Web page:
Does anyone remember the Diana Doll’s Hospital at 145 Charnwood Street? This was a toy shop, listed there in a street directory in 1954. I assume you could get your dolls repaired there, but I haven’t been able to find anything more about it. Some other shops from the 1950s that might be more familiar include greengrocers like Alf Bannister at 130 and Charles’s at 261, Dalton’s hardware store at 233, the butcher Frank Lee at 246, and Bagnall’s drapery store at 214 – 218. Mr Bagnall was recalled as ‘very strict – sitting in his cubby-hole where the till was, watching his assistants like a hawk’. Mrs Hanford, who lived in Charnwood Street until the mid-1940s, remembered getting gingham at Bagnall’s for a summer dress: ‘Sixpence farthing a yard. People would give a halfpenny if they had no farthing and get a string of pins on paper instead of the farthing change’.
Vine’s cycle shop was at 212, where Mr Vine himself was a familiar sight arriving in the morning in his bowler hat and carrying a leather case. Next door at 210 was Harvey Chaplin and Son’s music shop. Ray Massey recalled that his grandmother bought a piano as a wedding present for my mother and father from there – and Harvey Chaplin used to sit and play in the shop window on a Saturday afternoon when the street was busy. Mrs B. Bailey also had a piano from Chaplin’s: ‘My piano at home had seen better days (yellow keys and notes missing!), and my older brothers and sisters clubbed together and bought me a piano for 17 guineas. It was delivered on a wooden barrow after the shop closed on Saturday night. I was beside myself with excitement! The piano was paid for on the “weekly” – I took the money in every week: about 1/6d, I believe’.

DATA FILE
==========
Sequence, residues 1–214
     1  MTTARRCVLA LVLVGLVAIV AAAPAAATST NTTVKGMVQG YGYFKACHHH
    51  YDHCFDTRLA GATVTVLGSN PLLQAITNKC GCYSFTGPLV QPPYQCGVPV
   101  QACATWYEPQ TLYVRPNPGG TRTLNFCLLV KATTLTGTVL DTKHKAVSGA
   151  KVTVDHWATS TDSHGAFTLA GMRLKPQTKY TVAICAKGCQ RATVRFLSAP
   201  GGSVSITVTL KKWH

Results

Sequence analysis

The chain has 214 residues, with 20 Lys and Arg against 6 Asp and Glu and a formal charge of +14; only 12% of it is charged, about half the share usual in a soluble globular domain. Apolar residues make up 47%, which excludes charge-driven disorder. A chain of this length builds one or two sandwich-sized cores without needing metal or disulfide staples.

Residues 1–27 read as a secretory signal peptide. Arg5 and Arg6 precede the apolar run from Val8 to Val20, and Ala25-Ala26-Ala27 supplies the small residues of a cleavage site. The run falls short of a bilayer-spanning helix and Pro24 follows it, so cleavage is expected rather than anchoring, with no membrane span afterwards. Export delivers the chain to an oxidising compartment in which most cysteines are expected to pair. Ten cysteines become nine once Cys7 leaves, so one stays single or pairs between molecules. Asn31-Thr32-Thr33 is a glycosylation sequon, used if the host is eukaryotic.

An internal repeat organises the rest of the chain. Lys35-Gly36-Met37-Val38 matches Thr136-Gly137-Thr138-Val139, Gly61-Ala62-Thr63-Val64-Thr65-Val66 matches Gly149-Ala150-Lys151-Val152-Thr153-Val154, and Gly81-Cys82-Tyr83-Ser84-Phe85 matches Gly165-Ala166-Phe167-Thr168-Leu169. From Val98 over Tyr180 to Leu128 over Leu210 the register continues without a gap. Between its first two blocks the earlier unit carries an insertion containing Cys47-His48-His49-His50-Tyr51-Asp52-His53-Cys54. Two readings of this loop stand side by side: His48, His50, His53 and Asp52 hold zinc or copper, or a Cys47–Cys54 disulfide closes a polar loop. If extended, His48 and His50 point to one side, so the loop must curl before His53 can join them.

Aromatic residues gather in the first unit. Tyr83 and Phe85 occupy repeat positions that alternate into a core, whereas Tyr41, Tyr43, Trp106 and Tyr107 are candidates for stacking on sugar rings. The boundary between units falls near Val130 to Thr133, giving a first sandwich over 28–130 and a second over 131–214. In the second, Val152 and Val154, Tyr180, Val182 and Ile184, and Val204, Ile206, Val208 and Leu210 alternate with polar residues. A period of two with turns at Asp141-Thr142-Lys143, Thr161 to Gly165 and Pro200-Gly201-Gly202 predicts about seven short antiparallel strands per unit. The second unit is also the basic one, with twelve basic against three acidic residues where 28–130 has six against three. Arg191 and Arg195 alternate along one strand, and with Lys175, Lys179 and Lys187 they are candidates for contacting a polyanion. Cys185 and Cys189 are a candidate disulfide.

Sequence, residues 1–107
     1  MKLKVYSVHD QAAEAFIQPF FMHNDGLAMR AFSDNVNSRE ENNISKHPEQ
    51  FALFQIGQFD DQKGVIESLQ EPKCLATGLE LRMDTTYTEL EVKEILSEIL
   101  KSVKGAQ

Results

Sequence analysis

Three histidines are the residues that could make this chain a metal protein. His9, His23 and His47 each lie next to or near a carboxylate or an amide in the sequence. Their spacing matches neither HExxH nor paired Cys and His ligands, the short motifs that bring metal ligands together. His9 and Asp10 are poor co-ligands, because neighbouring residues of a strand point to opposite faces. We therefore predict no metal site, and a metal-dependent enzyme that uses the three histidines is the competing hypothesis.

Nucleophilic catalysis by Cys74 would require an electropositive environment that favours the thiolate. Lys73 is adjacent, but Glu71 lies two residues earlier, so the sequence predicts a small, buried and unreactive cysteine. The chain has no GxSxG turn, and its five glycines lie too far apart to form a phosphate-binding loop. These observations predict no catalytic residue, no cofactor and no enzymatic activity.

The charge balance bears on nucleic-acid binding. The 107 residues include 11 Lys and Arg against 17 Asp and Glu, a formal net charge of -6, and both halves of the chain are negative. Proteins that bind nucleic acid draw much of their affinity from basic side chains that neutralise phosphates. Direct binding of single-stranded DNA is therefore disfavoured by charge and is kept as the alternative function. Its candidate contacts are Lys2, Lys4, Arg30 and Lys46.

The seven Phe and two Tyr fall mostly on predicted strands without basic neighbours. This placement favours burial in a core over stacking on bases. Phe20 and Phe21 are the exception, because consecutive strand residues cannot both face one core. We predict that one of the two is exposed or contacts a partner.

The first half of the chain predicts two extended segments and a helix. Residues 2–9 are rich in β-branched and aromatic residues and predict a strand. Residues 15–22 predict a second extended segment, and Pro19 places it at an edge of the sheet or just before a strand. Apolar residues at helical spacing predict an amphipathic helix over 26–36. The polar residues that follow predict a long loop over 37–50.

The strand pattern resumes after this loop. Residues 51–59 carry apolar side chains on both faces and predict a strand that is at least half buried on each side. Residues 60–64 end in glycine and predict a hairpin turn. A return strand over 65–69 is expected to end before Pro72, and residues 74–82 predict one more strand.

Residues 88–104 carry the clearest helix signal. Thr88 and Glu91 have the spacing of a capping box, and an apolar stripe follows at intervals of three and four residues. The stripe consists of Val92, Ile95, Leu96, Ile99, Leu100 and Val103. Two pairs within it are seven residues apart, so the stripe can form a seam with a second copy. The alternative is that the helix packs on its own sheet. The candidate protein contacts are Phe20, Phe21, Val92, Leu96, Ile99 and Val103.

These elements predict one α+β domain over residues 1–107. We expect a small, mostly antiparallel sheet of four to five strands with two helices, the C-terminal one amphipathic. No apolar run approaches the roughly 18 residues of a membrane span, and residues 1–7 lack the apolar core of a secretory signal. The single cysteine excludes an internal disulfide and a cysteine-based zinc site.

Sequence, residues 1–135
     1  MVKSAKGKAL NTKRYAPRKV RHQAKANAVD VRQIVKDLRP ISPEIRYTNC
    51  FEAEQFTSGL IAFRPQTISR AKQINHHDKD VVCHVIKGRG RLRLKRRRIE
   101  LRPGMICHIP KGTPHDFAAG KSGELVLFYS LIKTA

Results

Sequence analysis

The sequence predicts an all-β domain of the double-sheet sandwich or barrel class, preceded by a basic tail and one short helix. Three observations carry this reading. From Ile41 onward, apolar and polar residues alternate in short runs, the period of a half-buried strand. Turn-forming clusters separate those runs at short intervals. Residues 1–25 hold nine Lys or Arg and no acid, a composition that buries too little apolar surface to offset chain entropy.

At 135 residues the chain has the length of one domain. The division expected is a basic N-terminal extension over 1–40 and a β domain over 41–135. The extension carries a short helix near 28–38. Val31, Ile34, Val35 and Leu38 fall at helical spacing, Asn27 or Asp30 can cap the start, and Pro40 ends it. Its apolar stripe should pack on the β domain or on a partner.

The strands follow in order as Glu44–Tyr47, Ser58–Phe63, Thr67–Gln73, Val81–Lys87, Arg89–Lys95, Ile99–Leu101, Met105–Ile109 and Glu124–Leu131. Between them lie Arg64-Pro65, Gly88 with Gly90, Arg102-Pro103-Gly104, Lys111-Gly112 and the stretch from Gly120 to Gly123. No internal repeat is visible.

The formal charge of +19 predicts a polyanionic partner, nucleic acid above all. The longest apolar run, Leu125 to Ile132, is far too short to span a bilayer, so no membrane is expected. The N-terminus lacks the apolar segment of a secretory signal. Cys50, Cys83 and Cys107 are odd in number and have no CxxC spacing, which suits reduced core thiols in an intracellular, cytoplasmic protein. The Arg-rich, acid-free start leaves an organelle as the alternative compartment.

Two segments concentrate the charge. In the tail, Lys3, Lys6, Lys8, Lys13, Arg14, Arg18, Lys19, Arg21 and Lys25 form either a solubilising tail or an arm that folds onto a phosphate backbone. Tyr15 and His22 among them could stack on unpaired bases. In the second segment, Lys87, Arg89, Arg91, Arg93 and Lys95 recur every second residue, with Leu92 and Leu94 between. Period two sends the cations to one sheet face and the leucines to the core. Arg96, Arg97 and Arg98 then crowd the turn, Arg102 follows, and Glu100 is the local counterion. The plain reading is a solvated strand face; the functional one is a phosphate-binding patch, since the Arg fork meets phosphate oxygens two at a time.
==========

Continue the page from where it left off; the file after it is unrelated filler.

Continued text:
Paddy’s Swag Stores were at 257, and Hynard Hughes, wine and spirit merchants, with its flashing electrical sign, was at 189. The Maypole Dairy Co had a branch at 228, and the ‘receiving offices’ of the Wyvern and Empire laundries were at 166 and 186 respectively. Eunice, the ladies’ hairdresser, was at 112, and the hairdressing shop of Ernest Toone – popularly known as ‘Lilting’ by family and friends – at 224. There were several bakers’ shops – Gordon Brant at 197, Parnell’s at 263 and Getliffe’s at 153 – while James Jelly ran his undertaking business from 173.
These are just some of the shops in Charney in the 1950s, and just a few of the memories that people have passed on to me. There are more to follow – but if you’d like to add some of your own, leave me a comment below…
My thanks to Ray Massey, Patricia Kirby, Mrs Bailey and Mrs Hanford for permission to include their memories.